The unveiling of Rutherford B. Hayes’ statue last October marked a momentous occasion as the city of Delaware finally paid proper respect to its native son and the country’s 19th president.
The finishing touch on the “Hayes Comes Home” initiative was unveiled Monday by way of a historical marker signifying where Hayes’ birthplace once stood.
“What a great way to continue the community’s awareness of a native son,” Bill Rietz, chairman of the Hayes Heritage Fund, said prior to the unveiling of the marker on Presidents Day.
The Hayes Heritage Fund committee also funded the statue at the corner of William and Sandusky streets, as well as the bust of Hayes that sits inside the atrium at Rutherford B. Hayes High School in Delaware.
Located at 17 E. William St. in Delaware, a gas station now stands on the site of Hayes’ former birthplace and home. Prior to Monday’s unveiling, the site contained a monument identifying the location as Hayes’ birthplace. Rietz, however, felt the site deserved to be upgraded with a marker telling the story of why the house no longer exists.
“Part of our mission statement for the committee was to educate the community, and obviously there are a lot of questions asked about why the house wasn’t saved or why there is a gas station now sitting where a United States president was born,” Rietz said. “We knew the story, but we felt we needed to upgrade the memorial that was put up in 1926 shortly after the house was demolished.”
Rietz added the previous memorial — a two-side plaque commissioned by the Delaware City Chapter of Daughters of the American Revolution — had been on display in the same spot for 94 years.
“It is no longer here, but it lives on,” said Rietz, who shared one plaque is headed to the Rutherford B. Hayes Administrative Building on North Sandusky Street, while the other plaque will be displayed in the future Center of American Political History at the Willis Education Center on West William Street.
As for the site of the new historical marker, Rietz said there will be some landscaping that will be done in the spring when the weather permits.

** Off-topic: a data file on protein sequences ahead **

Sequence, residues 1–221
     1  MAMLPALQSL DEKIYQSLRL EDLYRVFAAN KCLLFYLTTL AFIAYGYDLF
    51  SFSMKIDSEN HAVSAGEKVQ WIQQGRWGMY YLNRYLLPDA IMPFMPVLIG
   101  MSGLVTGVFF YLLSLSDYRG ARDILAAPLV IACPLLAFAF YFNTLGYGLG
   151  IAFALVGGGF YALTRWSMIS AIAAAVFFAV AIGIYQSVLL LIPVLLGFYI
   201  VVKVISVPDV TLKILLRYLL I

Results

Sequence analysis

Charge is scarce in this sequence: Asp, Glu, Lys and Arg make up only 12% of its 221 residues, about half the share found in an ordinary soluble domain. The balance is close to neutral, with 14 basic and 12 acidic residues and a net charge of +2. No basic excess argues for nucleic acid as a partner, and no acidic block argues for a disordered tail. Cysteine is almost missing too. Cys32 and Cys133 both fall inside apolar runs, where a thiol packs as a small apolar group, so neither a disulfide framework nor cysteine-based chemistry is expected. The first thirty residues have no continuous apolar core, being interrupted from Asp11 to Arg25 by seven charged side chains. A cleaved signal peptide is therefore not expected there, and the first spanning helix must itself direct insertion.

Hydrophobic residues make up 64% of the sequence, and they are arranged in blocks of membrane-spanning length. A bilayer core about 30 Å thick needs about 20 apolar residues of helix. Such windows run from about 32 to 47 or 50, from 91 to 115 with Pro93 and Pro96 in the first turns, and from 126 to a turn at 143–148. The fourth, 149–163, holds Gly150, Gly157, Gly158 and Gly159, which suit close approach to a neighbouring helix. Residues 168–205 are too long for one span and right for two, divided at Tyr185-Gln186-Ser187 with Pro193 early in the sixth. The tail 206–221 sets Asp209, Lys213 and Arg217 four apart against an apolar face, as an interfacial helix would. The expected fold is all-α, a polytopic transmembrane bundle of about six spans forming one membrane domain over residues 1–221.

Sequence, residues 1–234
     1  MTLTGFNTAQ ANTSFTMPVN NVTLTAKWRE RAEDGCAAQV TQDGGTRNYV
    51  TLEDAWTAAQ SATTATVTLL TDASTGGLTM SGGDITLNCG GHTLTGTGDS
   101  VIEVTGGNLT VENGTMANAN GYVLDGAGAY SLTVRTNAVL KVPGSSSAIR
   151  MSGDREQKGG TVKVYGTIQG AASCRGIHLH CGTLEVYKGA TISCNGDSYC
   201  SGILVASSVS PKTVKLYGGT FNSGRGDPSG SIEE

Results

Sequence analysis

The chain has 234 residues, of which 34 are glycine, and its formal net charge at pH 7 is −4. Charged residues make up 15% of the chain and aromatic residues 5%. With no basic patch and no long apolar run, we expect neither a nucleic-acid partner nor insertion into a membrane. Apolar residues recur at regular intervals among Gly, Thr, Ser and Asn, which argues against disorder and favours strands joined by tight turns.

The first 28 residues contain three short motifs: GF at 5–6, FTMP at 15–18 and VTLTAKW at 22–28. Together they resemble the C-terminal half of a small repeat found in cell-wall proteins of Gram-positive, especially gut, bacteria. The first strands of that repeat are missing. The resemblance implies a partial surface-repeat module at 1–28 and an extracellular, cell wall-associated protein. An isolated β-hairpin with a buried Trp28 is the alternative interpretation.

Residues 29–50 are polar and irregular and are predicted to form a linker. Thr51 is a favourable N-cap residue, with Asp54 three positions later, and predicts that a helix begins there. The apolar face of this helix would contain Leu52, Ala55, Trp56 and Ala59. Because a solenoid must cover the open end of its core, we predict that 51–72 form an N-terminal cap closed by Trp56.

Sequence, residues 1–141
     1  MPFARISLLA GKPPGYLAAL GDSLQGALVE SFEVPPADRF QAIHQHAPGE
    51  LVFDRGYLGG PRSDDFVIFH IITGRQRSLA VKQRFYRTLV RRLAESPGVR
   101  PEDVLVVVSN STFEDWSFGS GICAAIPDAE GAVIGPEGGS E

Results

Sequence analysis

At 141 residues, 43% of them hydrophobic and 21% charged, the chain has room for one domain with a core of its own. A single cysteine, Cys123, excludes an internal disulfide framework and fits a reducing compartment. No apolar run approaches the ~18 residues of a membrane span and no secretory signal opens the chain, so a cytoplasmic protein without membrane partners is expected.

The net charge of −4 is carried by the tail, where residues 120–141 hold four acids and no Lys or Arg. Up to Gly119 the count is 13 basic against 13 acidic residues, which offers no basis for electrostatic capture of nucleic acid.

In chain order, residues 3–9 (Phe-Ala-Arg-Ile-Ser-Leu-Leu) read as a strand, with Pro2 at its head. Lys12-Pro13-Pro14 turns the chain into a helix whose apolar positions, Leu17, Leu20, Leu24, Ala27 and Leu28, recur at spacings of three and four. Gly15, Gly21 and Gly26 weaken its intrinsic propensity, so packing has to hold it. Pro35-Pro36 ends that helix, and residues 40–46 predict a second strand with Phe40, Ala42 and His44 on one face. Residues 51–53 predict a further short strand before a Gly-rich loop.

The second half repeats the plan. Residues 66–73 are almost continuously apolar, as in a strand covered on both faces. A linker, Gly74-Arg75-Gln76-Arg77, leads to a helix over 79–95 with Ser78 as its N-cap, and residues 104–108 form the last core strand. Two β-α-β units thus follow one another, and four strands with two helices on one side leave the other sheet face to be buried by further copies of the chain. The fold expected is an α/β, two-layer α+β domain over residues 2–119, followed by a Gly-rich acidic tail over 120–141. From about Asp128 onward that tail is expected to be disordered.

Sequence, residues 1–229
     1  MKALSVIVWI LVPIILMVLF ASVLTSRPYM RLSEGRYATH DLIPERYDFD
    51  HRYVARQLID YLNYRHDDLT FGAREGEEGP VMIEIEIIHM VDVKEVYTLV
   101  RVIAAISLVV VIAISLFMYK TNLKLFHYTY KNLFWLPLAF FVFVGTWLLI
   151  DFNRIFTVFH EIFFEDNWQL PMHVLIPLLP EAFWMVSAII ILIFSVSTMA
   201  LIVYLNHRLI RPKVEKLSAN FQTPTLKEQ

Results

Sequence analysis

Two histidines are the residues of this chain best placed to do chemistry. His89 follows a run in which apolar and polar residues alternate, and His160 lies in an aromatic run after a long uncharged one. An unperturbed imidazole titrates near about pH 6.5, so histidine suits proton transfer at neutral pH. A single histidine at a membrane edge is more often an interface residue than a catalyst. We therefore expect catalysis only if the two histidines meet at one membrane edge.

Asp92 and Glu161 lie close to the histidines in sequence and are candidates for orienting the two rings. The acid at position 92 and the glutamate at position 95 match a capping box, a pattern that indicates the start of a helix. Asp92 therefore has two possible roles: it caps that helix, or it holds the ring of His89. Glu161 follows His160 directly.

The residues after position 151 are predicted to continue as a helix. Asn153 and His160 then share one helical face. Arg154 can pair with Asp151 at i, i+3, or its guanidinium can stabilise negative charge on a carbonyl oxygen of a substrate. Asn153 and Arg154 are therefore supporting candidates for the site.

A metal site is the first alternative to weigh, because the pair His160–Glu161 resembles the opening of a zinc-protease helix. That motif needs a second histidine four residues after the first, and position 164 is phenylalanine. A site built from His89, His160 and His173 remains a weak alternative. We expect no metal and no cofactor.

The new marker reads: “The brick home fell into disrepair and was purchased in 1921 by Standard Oil. Learning it was a presidential birthplace, Standard Oil offered to put up the first $500 and sell the home back to the community for $8,000. Many organizations worked to obtain the funding to purchase the home but were able to raise only $4,760.
“The home was demolished and a Standard Oil gas station was built on the location. In 1926, a memorial marker was placed in front of the gas station by the Delaware City Chapter of the Daughters of the American Revolution to identify where Hayes’ birthplace structure once stood. In 2019, a statue of Hayes commissioned by the Rutherford B. Hayes Heritage Fund was placed at the corner of William and Sandusky Street.”
Rietz said the current site serving as a gas station is the butt of many jokes about Hayes, and he hopes the marker will educate the community on why the home was ultimately demolished.
“Like getting the statue up, it’s a sense of pride in a native son,” Rietz said. “There are only 43 communities that can boast that a native son went on the be president of the United States. (The plaque) is going to allow people to understand why the house isn’t there and why there is a gas station.”
During Monday’s unveiling ceremony, Delaware County Commissioner Jeff Benton thanked members of the committee along with all the donors who made the marker and the area around it possible.
“This took a lot of money, and a lot of people really stepped up and donated a good amount of money over time to get us there,” he said.
Benton, who was a member of one of the first graduating classes at Rutherford B. Hayes High School, shared with the crowd a connection his family might have had with Hayes.
“It’s a real honor as a commissioner to be part of this. I was born and raised here,” he said. “I’m actually a seventh generation Delaware County resident. I thought about that, and I thought, you know, when my great, great, great, great-grandfather and grandmother were here, that was about when Rutherford B. Hayes was born, so they may have known each other.
“We are really proud that he is our favorite son,” Benton added.
Debbie Ebert, a member of the Delaware City Chapter of Daughters of the American Revolution, also spoke during the ceremony.
“It seems right that we should honor Hayes today (Presidents Day) and dedicate this marker on a day when we should remember and honor all those who have served as the office of president since our country’s founding,” Ebert said. “There are only 21 states that can claim to be a birthplace of a United States president, and Ohio is one of them. Delaware is fortunate to have such a rich history and carrying citizens who want to preserve and share it.”
Benton and Ebert were given the honors of unveiling the historical marker in front of the crowd that gathered on East William Street for the ceremony.
The total costs of all the Hayes odes, which include the statue, fountain, birthplace marker, and bust, equaled $147,000. Every expense was paid for by the Hayes Heritage Fund, which raised $152,000 to accomplish all projects.